Barrows Mill Road sewer project seeks funding
JACKSON – If approved by the North Carolina’s Department of Environmental Quality, a CDBG-I project will help provide public sewer service to residents on Barrows Mill Road, located just outside of Jackson.
At their regular meeting on Nov. 2, the Northampton County Board of Commissioners agreed to move forward with submitting an application for a Community Development Block Grant for Infrastructure (CDBG-I). The statewide CDBG program provides funding to address different community needs including economic development, neighborhood revitalization, COVID-19 projects, and—in the case of the proposed Barrows Mill Road project—water/sewer infrastructure.
At least 51 percent of people served by a CDBG project must be considered low- to moderate-income. For the Barrows Mill project, that number will be 100 percent.
A public hearing to discuss the project was held before Monday’s regular commissioner meeting.
“The county’s request is to send public sewer to nine low- to moderate-income households,” explained Mike Scott, a representative from PRO Inc who presented the information at the public hearing.
“The septic systems of all nine occupied houses are failing, and some have gray water discharge,” he continued.
Scott noted that the residents at those nine homes did not have the financial means to fix the problems on their own, and the failing septic systems are a community environmental concern. Discussions about the project with the residents of Barrows Mill Road were met with positive responses.
“The most appropriate solution to assure public health and provide safe and reliable sewer service to the community is implementation of a public sewer collection system owned and operated by Northampton County,” he concluded.
The county is seeking approximately $2 million for the project. Over $1.5 million of that money will be used for the infrastructure improvements, including approximately 1,900 feet of 8-inch gravity sewer, 8,900 feet of 4-inch sewer force main, nine 4-inch service connections, and one 80 GPM (gallons per minute) sewer pump station.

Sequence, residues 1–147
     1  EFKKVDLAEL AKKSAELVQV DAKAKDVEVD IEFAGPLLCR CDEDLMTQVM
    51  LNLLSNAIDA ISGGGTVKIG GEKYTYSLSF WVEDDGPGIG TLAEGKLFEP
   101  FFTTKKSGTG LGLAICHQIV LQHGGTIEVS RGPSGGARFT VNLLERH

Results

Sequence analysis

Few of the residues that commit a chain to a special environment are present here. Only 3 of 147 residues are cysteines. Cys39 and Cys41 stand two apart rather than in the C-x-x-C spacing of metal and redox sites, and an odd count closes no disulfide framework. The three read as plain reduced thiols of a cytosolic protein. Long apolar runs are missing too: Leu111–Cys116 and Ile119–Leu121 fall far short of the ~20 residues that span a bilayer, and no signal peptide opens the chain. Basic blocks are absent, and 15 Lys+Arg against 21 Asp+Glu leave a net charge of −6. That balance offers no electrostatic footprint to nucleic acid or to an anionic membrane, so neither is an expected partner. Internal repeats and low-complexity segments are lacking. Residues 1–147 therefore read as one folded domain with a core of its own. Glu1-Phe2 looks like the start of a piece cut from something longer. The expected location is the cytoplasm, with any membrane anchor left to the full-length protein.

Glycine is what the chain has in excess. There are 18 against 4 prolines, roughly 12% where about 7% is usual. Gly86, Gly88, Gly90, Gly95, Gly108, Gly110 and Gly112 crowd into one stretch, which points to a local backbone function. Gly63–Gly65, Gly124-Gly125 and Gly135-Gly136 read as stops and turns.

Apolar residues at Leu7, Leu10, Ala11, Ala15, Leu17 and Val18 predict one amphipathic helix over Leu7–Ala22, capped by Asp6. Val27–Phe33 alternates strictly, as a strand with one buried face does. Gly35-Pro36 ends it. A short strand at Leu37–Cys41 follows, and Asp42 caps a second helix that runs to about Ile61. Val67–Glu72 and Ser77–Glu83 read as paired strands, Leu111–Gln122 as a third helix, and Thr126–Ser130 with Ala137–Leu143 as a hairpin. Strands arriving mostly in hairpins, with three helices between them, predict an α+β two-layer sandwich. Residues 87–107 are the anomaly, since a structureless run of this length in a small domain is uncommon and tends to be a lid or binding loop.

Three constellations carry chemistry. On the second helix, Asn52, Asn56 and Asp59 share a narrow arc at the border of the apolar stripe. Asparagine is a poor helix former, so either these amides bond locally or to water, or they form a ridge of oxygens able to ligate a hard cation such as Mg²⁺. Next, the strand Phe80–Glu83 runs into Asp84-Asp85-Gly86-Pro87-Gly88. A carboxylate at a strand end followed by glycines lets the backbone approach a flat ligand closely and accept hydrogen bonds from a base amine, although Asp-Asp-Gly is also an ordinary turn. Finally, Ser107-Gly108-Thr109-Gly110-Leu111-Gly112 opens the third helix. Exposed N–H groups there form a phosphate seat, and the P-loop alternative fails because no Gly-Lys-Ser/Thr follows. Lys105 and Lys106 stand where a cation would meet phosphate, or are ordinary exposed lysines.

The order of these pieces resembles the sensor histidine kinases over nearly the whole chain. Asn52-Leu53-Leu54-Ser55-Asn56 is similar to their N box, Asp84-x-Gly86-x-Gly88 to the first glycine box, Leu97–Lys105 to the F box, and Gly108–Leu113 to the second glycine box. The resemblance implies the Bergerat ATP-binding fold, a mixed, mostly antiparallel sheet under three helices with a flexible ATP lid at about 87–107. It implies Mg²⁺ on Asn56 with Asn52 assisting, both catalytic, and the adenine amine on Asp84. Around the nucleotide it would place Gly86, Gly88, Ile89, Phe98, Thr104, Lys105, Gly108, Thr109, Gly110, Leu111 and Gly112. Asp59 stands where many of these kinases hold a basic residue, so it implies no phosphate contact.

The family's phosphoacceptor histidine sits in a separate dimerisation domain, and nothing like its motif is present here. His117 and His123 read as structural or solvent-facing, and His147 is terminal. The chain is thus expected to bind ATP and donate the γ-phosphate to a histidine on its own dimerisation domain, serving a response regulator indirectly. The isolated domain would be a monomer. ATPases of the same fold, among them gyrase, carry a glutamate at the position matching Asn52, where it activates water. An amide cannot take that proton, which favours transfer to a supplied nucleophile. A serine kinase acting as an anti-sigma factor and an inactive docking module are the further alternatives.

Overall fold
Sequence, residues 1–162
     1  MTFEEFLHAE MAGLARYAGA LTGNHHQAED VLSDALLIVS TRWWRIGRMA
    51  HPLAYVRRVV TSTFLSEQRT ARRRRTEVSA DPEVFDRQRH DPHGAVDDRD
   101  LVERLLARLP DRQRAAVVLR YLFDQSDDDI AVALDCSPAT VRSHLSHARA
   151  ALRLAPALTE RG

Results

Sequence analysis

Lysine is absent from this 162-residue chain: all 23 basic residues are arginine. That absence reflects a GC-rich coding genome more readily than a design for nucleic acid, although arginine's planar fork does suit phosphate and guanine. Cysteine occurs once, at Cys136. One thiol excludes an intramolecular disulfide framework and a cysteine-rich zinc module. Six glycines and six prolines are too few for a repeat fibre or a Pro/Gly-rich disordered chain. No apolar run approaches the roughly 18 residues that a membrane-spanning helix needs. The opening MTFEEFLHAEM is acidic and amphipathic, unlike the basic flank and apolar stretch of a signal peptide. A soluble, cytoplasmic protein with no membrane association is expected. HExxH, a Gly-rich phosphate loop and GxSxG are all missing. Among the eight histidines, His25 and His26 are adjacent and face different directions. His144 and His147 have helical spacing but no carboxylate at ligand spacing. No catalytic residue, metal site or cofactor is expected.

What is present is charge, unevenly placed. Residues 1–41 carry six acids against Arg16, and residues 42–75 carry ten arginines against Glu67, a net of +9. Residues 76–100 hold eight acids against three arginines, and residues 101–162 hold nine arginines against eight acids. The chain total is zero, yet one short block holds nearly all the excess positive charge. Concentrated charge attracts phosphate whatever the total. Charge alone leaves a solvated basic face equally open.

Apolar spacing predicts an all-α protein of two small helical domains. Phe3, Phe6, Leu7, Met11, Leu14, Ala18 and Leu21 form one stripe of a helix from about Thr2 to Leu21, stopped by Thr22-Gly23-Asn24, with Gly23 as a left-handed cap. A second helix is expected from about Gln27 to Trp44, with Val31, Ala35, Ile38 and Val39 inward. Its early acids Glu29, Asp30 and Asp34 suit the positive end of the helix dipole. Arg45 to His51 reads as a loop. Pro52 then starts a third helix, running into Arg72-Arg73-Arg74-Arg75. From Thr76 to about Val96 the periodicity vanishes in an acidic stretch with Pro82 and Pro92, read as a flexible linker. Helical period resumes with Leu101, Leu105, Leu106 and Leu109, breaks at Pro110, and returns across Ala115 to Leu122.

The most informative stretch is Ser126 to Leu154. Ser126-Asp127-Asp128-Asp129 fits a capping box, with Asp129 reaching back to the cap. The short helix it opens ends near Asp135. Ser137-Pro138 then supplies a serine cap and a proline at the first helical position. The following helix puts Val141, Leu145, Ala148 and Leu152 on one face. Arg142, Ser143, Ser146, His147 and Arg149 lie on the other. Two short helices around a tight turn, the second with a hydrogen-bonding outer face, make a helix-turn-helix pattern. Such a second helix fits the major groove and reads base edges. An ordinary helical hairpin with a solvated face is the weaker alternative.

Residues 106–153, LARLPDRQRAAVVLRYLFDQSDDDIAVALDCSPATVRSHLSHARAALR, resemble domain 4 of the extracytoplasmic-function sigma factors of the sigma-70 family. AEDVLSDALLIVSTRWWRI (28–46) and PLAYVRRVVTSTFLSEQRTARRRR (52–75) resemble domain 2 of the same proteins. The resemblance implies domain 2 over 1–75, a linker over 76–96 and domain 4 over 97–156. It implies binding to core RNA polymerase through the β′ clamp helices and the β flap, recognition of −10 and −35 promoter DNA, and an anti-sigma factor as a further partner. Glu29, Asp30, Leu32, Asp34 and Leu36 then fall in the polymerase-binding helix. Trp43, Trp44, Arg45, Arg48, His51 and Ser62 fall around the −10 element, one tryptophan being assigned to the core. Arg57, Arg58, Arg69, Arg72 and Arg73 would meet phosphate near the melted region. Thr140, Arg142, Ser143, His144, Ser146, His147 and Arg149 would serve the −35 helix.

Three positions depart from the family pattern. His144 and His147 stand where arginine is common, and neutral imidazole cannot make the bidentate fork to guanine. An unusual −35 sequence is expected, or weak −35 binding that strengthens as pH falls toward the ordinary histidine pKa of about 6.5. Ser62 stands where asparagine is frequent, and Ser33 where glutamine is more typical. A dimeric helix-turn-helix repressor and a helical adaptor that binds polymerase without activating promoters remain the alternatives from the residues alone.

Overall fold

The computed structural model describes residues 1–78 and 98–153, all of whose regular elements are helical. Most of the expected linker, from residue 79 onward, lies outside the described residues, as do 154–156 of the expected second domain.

The remaining funds will cover engineering and grant administration costs.
No individuals are expected to be displaced or need temporary relocation for the project.
No citizens chose to speak during the public hearing, and the commissioners did not offer comment either except for Commissioner Nicole Boone.
“This project is being worked upon by some great people,” Boone said, mentioning several meetings which had been held previously to discuss the project.
During the regular meeting, the commissioners unanimously approved the CDBG-I application and resolution. Boone provided the motion and Commissioner Kelvin Edwards seconded.
The application deadline is Nov. 23. Once submitted, the county will have to wait to see if they’ll be awarded the funding for the project.
The Barrows Mill Road project was first proposed in 2015. Previous applications to the CDBG-I program, however, did not score high enough to receive funding. The last time Northampton County applied for funding was in 2018.
Northampton County has received CDBG funding for several different projects in the last decade, many of which were neighborhood revitalization and economic development projects.